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Leading Internet companies agree to guidelines on free speech, human rights abroad
NEW YORK (AP) -- Leading Internet companies, long criticized by human-rights groups for their business dealings in China, agreed Tuesday to new guidelines that seek to limit what data they should share with authorities worldwide and when they should do so.
The guidelines call for Google Inc., Yahoo Inc. and Microsoft Corp. to try to reduce the scope of government requests that appear to conflict with free speech and other human rights principles. They also require participating companies to seek requests in writing, along with the names and titles of the authorizing officer.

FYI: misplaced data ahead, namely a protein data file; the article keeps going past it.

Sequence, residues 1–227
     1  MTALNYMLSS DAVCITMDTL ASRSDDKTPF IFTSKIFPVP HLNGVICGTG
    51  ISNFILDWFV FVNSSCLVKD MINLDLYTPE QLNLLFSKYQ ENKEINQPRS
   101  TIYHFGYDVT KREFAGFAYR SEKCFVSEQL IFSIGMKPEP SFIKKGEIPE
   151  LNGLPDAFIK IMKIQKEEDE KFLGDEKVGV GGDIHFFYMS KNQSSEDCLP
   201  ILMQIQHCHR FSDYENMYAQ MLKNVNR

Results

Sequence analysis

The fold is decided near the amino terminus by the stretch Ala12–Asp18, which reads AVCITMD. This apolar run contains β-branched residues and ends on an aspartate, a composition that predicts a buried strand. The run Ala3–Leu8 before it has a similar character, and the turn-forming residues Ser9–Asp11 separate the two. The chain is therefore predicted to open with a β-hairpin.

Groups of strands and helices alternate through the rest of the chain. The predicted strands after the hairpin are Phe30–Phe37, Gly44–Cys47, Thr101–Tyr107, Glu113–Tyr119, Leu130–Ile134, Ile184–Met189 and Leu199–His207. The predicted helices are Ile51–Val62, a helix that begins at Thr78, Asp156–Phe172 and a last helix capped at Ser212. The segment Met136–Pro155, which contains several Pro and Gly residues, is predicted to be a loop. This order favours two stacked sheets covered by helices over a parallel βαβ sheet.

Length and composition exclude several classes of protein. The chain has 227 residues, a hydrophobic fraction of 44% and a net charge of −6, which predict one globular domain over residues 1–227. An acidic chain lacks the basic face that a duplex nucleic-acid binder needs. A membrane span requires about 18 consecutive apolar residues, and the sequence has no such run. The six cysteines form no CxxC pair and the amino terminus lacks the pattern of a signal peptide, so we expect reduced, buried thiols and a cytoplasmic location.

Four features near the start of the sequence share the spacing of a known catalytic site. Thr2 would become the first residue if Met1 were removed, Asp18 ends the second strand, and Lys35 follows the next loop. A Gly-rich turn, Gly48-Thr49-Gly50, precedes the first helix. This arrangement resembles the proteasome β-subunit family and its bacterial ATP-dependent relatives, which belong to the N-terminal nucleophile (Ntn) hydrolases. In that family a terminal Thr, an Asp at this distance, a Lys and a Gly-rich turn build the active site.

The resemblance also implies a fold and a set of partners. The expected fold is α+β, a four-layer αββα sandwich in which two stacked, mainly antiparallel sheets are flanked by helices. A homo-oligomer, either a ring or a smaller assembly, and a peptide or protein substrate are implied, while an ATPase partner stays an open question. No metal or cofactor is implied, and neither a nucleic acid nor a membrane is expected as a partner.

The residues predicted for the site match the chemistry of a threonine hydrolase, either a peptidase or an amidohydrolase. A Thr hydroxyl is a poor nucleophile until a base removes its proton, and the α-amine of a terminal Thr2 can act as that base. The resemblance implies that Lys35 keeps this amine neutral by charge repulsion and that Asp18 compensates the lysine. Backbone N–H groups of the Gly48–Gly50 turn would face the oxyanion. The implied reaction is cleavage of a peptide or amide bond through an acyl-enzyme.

But ultimately, the documents are less about "what happens when you get a knock on the door than what are you doing before then," said Leslie Harris, chief executive of the Center for Democracy and Technology, one of the main groups behind the guidelines.